Worth the wait

It’s funny that after you read good articles about food, where does it come from, etc…you pay more attention to your food choices and give some thought when getting a tomato from the salad bar. However, in the end it always comes down to people and how are we going to change what we are currently doing to have a better future (adaptability- natural systems), to eat purer foods.
I heard today in class a quote about how much Americans like convenience and, it got be thinking about how truth it is; from the simplest things as baby food. When I mentioned that I actually cook and puree my daughter’s soup it amazes people, then I go into explaining that it is so simple, you put whichever vegetables you want in the pressure cooker, plus meat, some water, then you close the lid and 20 min later it’s ready! But I guess it is easier to go and buy the processed Gerber food at the supermarket- why then do we want more farmers’ markets? Or local groceries?

There’s an entire lifestyle that needs to change, Todd Murphy took that leap and he is challenged everyday by it, John Mackey took that step and is criticized by it. Do we really want sun-farming or we just say we want it because it’s the right thing to say or do?
We are in need of people willing to take the leap, people willing to not have watermelon in the winter months because it is not the season for it. Are we really going to buy the less processed food and process ourselves, even if it is less convenient?
Time is money, one may say, but if you died from eating pesticides, what good is your money in the bank? I guess, you could have a nice funeral!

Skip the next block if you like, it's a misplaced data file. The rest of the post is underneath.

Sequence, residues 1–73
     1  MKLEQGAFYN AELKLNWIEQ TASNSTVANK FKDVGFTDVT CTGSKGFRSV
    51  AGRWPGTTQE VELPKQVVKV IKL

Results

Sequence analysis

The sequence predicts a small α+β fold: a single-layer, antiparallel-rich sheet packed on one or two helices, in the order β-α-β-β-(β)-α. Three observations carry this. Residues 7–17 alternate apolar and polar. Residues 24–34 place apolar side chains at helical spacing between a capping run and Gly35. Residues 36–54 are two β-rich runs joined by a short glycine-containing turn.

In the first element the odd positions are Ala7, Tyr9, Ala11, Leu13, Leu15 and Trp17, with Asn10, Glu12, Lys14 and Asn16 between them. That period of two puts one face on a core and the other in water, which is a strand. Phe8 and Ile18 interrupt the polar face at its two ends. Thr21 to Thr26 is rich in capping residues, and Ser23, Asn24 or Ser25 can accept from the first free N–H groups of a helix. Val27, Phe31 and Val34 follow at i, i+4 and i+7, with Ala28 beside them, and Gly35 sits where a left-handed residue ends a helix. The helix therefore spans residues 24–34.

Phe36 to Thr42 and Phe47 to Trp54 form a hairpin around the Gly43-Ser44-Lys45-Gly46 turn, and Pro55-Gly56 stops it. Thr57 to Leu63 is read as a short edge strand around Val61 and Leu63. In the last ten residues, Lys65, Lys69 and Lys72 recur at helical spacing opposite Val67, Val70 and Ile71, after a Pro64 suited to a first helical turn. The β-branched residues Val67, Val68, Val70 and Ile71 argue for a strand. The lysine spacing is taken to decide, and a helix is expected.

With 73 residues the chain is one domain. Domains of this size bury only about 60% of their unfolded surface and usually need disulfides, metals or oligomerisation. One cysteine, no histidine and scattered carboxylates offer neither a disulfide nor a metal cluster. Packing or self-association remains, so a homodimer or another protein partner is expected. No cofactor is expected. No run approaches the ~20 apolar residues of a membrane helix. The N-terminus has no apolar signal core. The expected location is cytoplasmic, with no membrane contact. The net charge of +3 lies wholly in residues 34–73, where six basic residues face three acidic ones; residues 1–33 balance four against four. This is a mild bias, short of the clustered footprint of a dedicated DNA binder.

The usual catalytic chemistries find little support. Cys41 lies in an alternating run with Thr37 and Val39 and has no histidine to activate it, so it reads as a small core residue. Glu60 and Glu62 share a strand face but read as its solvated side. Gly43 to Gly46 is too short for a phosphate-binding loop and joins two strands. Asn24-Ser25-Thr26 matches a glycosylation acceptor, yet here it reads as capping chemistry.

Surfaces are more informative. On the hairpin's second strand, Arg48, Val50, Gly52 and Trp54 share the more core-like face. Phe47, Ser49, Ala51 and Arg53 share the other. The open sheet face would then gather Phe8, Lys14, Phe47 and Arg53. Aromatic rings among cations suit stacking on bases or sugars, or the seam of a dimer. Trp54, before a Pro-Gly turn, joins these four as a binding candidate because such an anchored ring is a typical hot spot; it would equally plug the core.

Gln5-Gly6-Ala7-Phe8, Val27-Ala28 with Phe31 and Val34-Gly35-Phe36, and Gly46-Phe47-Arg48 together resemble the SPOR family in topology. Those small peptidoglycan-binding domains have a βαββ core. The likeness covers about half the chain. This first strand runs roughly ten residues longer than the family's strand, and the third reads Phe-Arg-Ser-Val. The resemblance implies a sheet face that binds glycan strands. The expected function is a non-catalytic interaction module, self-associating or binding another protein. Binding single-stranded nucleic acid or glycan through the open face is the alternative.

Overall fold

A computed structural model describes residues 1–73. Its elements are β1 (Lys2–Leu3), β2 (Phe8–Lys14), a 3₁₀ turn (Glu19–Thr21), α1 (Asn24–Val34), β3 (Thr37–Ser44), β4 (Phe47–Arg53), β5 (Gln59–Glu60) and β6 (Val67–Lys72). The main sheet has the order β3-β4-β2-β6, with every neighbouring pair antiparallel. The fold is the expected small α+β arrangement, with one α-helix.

In the end, Murphy and Mackey are not going to make that much of a difference, because in this country of millions we need more than a few thousand ordering croissants for the baker to finally add that to the menu. (inside joke),maybe we do need the Victory Garden, maybe we do need the government to step in and change policies, practices.
If we take a closer look perhaps the eight year rotation is not such a bad idea…Patience is a virtue- remember that when grandma is cooking, no one rushes her, because good things are worth the wait…plus what good is to make that extra dollar if you cannot spend it?

5 Responses

  1. I see the reason for growing the “farmers-market business as an alternative solution, an easy way out, or a compromise if you will. Americans want things easy, but we are also starting to want quality. And it seems food at farmers markets can give the best of both worlds. In the markets in Lewisburg, the food is not only cheaper than the super-markets, but seems more natural and fresh. Why wouldn’t you go!

  2. I love eating fresh fruits and fresh vegetables, and there is nothing better than eating a cooked meal made by grandma from scratch, but I have to admit convenience is king in my world. Even going downtown to a farmers market in the spring or fall seems like a hassle. Getting in the car to drive to Weiss, even though the prices are astronomically cheaper, is a huge burden compared to buying something at the Bison. We do need people to start the train moving when it comes to these things, but honestly until the benefits start outweighing the costs a little more, my meals will continue to include processed foods from the Bison and out of season tomatoes from the cafe.